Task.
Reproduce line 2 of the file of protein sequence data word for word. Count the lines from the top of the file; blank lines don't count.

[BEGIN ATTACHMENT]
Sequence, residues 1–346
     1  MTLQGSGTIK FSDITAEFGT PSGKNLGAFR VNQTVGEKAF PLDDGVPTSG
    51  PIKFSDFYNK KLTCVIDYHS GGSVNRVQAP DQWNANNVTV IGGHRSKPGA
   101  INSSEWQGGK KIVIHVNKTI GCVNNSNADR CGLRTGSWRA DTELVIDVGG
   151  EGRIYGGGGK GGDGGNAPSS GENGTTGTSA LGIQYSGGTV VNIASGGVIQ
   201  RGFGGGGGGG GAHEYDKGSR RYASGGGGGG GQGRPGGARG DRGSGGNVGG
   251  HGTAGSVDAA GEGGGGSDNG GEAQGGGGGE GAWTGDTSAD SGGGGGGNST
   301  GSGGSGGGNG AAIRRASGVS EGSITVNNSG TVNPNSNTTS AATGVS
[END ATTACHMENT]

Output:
     1  MTLQGSGTIK FSDITAEFGT PSGKNLGAFR VNQTVGEKAF PLDDGVPTSG